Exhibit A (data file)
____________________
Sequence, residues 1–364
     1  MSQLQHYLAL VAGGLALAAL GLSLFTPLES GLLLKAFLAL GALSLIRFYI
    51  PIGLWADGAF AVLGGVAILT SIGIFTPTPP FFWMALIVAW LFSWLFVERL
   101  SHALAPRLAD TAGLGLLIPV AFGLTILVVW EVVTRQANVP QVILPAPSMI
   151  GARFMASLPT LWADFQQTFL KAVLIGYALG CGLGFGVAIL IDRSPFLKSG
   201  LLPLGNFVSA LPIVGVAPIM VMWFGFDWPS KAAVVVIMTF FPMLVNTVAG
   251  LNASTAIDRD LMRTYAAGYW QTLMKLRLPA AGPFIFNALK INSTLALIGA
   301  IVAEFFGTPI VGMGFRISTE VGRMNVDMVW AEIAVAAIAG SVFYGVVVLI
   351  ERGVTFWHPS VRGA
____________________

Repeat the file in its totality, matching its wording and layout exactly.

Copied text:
Sequence, residues 1–364
     1  MSQLQHYLAL VAGGLALAAL GLSLFTPLES GLLLKAFLAL GALSLIRFYI
    51  PIGLWADGAF AVLGGVAILT SIGIFTPTPP FFWMALIVAW LFSWLFVERL
   101  SHALAPRLAD TAGLGLLIPV AFGLTILVVW EVVTRQANVP QVILPAPSMI
   151  GARFMASLPT LWADFQQTFL KAVLIGYALG CGLGFGVAIL IDRSPFLKSG
   201  LLPLGNFVSA LPIVGVAPIM VMWFGFDWPS KAAVVVIMTF FPMLVNTVAG
   251  LNASTAIDRD LMRTYAAGYW QTLMKLRLPA AGPFIFNALK INSTLALIGA
   301  IVAEFFGTPI VGMGFRISTE VGRMNVDMVW AEIAVAAIAG SVFYGVVVLI
   351  ERGVTFWHPS VRGA